Rehearsal skills are not different from the "Rehearsal" skills that actors employ when learning lines for a play or movie. First the actor is given the lines (usually in the form of a script), they then recognize their lines and rehearse them regularly until they can present them on stage with ease. This is similar to what I mean by "Rehearsal" in that you have been presented with information (either in a text-book or via lecture) and are now expected to learn the information so well that you can present it on cue (typically through an exam). We will develop associations and connections as well as interpretations as we learn about "Review Strategies" in a week or so. For now, we want to make sure that we are learning the information, remembering the information, keeping the information organized and able to present the information (hopefully in our own words) when needed.
A student can rehearse by means of Writing Strategies or Oral Strategies. Both have their strengths and appropriate place. Written strategies (such Index Cards-click on the link to see an entry on the Index Card Method) allow an individual to have the information in their hands and regularly rehearse the needed information, wherever the student happens to be (this is particularly true about Index Cards). Written strategies allow a student to access Visual and Kinesthetic Learning Strategies while rehearsing the information. Oral Strategies allow a student to access auditory and kinesthetic (as long as your moving while verbally rehearsing). Oral strategies also lend themselves to group study (which I will talk about later). So, you can see that both options present some advantages.
Good rehearsal strategies should have the following four characteristics:
1) They Should Allow for Self-Testing. Are you able to examine your learning using your given strategy? OR are you simply re-reading the same material over with no means of assessing whether you have learned or remembered the information. A good strategy allows you to assess, accurately, your retention and memory.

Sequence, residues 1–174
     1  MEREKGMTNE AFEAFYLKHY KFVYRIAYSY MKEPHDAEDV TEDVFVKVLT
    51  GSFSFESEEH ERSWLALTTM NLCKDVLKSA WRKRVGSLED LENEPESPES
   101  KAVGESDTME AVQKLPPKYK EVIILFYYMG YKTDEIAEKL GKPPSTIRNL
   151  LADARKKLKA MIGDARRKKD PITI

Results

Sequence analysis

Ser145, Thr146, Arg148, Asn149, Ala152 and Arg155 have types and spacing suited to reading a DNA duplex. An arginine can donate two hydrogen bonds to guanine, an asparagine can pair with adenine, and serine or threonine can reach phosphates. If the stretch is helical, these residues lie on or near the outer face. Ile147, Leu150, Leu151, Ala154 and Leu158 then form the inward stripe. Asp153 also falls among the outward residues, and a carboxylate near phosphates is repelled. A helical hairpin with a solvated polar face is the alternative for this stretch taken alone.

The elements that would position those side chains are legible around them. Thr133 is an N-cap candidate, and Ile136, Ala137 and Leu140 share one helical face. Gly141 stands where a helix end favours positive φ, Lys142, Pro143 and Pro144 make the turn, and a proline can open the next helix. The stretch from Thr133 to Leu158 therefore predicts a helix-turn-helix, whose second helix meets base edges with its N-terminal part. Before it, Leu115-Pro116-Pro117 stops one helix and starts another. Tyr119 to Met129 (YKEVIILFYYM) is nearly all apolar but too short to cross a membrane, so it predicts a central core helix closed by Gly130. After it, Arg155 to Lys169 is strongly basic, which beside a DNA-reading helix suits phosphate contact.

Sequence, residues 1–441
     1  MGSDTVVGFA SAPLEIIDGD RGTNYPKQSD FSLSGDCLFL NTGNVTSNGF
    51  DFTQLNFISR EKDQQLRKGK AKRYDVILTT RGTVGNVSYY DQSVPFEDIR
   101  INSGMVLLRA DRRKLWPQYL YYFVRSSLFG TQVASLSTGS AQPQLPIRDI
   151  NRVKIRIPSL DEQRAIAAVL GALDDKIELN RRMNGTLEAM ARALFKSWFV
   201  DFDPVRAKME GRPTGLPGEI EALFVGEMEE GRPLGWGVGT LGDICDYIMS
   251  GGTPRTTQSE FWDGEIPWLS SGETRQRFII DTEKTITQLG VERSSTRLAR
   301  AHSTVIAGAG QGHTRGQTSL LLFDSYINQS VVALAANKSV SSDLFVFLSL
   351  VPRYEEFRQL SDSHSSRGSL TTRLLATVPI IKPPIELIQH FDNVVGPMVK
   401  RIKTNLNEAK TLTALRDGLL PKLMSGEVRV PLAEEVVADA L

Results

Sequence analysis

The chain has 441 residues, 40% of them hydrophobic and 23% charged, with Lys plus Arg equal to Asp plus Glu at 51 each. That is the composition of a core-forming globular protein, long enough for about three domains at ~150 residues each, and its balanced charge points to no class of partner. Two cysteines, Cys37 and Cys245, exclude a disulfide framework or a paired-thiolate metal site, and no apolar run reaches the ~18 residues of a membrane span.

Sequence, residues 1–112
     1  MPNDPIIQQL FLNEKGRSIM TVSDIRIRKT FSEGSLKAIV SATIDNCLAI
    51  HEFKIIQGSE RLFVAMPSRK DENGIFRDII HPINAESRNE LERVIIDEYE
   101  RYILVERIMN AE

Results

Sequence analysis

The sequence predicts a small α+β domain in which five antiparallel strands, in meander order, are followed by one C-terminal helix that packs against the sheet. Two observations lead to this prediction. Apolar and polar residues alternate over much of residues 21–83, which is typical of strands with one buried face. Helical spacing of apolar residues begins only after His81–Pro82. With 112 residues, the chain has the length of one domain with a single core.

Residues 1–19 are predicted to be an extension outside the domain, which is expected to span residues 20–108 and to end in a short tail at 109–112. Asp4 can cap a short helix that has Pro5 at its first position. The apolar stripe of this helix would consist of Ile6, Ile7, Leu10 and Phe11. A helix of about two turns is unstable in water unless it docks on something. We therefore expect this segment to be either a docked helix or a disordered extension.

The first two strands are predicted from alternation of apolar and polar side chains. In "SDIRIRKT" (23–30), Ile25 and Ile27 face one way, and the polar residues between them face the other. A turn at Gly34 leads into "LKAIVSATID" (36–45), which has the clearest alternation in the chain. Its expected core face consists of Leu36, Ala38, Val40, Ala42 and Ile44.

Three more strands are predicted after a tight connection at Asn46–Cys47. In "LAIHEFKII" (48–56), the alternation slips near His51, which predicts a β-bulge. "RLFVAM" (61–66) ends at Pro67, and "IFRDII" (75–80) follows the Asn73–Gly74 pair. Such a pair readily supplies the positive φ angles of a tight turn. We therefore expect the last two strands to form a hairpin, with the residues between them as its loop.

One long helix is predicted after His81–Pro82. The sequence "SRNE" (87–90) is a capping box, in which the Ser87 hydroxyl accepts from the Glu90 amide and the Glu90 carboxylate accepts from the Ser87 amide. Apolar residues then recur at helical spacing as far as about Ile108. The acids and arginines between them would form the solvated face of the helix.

2) They Include Complete and Precise Information. Whether you are writing or speaking the information, you should be accurate and precise. This is not time for "kindof like" or anything similar.
3) They Are Organized. Have you ever heard of "garbage in garbage out?" This is true in rehearsing information. If you put information into your memory in a disorganized fashion, it will stay disorganized even when you attempt to retrieve the information. Organize it well at the front end (think about active listening and good note-taking) and you will be much better off.
4) They State the Ideas In Your Own Words. You will always comprehend, or understand, more if you can state it in your own words and not simply repeat the words of others. The process of taking information into your brain and attempting to organize and re-state that information into your own words is an active process. This process leads to better retention and retrieval in the long-run
A few words about groups. Group study is great, but you should be careful. Most studies have demonstrated that groups do not promote learning as well as independent study. That being said, some studies have noted that well-organized groups do lend themselves to better results. Therefore, if you are going to rehearse in groups make sure a few things are straight. First, Groups should be limited in number to 5 or less. Second, Everyone in the group should have an equal responsibility (no leeches or slackers). Third, Everyone in the group should agree to some ground rules (usually about off-topic conversations) and stick to the rules.
Next week we will discuss Reviewing and attempt to bring in-class and out-of-class activities together to help us better manage our courses and improve our learning. Good luck.